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TV Advertising and Consumer Choice
TV advertising is one of the most effective (and expensive) forms of advertising to purchase. Advertising slots, based on time increments of up to a minute and a half can be purchased from a network or television station to run during certain television programs or to run a specified number of times throughout a particular block of time. The most expensive regular programming is in the evening during “prime time” hours, which are 6pm-10pm. The least expensive programming is after midnight and until 5am.
There are special occasions when TV advertising is especially high due to the high number of viewers for a particular program. As such, it is important to note that TV advertising is very flexible and dependent on programming schedules. For example, during the Superbowl, TV advertising slots run for millions of dollars. The main purchasers of these times are beer and truck companies because men are the primary watchers of football and advertisers want to reach them with their products in the most effective way.
The Remote Control: A TV Advertising Challenge
The invention of the remote control put a great deal of pressure on advertisers who became subject to the whims of boredom, hunger or fatigue. Rather than sitting through a commercial because they didn’t want to get up and change the channel, the remote control now allows viewers to change channels and skip the TV advertising that was directed specifically towards them during the program they watch.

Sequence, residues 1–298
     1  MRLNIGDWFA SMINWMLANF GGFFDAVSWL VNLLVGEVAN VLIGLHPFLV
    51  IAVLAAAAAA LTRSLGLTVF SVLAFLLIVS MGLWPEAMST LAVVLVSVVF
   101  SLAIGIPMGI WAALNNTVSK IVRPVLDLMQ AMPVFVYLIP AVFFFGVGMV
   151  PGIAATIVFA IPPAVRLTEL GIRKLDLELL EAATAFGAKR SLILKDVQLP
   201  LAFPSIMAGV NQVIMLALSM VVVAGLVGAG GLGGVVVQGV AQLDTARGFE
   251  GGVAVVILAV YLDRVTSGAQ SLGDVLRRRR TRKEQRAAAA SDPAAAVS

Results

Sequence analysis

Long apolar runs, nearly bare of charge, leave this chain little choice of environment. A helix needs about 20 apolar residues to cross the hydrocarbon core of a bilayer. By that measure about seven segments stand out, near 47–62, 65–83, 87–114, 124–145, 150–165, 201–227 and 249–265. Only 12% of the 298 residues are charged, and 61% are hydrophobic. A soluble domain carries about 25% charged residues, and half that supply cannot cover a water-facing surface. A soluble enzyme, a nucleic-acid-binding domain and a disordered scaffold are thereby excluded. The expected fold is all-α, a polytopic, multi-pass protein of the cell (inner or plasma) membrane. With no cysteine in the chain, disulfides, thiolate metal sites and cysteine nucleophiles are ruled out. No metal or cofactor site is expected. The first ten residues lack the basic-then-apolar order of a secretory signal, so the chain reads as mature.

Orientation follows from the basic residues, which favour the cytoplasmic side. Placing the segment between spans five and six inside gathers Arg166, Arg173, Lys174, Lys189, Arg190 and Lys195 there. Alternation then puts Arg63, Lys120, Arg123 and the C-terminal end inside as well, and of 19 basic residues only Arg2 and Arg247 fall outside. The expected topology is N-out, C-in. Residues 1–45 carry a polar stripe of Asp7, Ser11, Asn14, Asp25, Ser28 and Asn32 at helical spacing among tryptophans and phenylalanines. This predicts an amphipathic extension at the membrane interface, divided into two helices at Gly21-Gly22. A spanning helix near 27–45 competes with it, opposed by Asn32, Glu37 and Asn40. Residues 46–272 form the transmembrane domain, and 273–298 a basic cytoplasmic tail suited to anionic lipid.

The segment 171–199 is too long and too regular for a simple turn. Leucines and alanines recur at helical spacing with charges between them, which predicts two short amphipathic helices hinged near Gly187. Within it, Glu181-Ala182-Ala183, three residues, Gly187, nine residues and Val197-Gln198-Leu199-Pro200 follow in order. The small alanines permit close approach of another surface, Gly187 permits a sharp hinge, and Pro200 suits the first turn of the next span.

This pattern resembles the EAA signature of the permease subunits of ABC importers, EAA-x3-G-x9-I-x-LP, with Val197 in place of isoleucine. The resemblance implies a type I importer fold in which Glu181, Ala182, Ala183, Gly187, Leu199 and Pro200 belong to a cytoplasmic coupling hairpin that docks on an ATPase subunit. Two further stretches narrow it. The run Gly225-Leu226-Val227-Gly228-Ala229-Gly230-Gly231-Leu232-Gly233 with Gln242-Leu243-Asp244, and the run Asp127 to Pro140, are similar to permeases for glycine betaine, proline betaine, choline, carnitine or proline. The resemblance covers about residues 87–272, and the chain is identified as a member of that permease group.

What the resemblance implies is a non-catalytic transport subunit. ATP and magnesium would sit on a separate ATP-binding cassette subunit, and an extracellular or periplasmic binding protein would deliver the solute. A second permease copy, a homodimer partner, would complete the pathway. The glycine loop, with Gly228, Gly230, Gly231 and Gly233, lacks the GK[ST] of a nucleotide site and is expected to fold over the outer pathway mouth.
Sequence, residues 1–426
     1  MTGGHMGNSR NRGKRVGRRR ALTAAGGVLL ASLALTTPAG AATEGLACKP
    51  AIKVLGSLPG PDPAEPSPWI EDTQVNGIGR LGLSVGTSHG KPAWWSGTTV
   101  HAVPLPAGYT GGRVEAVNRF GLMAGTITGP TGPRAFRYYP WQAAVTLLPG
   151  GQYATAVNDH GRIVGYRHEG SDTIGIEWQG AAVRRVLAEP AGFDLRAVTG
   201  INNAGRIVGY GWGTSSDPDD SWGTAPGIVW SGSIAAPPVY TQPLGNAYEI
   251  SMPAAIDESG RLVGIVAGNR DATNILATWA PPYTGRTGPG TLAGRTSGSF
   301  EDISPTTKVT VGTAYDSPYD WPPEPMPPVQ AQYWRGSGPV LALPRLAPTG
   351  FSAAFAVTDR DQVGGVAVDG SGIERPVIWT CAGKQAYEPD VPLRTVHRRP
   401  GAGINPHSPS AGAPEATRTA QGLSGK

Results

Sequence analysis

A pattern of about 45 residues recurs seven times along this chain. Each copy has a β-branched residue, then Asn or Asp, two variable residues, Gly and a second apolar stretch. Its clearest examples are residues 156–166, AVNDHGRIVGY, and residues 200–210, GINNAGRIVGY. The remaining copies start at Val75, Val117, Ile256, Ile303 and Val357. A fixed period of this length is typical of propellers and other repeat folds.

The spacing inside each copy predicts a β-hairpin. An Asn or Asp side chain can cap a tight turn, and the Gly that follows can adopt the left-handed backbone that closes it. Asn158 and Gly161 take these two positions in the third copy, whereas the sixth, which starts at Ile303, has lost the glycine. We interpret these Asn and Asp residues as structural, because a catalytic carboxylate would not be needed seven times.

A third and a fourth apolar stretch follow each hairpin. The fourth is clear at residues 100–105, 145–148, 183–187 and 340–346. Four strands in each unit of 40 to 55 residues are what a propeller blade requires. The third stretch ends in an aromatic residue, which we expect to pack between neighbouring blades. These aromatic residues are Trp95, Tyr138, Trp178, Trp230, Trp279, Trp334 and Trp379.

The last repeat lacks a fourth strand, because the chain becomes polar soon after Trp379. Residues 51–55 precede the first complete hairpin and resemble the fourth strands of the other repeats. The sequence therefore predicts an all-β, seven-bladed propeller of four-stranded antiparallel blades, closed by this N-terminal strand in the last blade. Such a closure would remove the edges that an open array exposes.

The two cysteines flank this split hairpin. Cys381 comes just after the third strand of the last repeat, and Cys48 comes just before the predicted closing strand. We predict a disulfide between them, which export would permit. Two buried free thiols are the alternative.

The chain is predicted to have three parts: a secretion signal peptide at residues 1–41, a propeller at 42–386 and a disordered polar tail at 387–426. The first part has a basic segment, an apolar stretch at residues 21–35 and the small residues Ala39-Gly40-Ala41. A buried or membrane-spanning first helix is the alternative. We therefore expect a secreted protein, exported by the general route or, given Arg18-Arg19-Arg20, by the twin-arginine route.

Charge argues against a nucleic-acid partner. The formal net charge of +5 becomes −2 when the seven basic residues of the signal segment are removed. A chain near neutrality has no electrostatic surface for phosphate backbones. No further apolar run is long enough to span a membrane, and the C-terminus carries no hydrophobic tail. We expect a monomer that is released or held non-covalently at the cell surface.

As such, advertisers had to work much harder to keep the attention of the viewers by making their TV advertisements shorter and more exciting. For awhile, this change drove down the cost of advertising as slots became open and more available to other advertising companies, but soon the competition was back up along with slot prices as more and more people tuned into their favorite shows.
TiVo and DVR (digital video recorders) created another set of issues for TV advertising. With the ability to skip commercials altogether by editing them out with programs such as TiVo and DVR, potential consumers opt out of learning about a new product or service. This option has cost TV advertisers millions of dollars in lost revenue and potential new consumers. In fact, advertising companies are currently in court over the loss of business, claiming that putting the choice of advertisement viewing in the hands of the consumer was harmful to the industry; however, their battle has been an uphill one.
What will TV advertising look like in the future? Will there be TV advertisements placed directly within television programs, as some media specialists predict? Product placement has long been a way for advertisers to put their product in the hands of the consumers before they purchase it, by allowing them to see it used in movies and in television. Advertising companies pay money to the television and movie producers to have their product used during the program – a sip of Coke, a smoke of a Camel cigarette, etc. With the TV advertisements being controlled by consumers, it may be that one day TV advertisers are strategically regaining control of the TV market by investing in product placements rather than traditional TV advertising.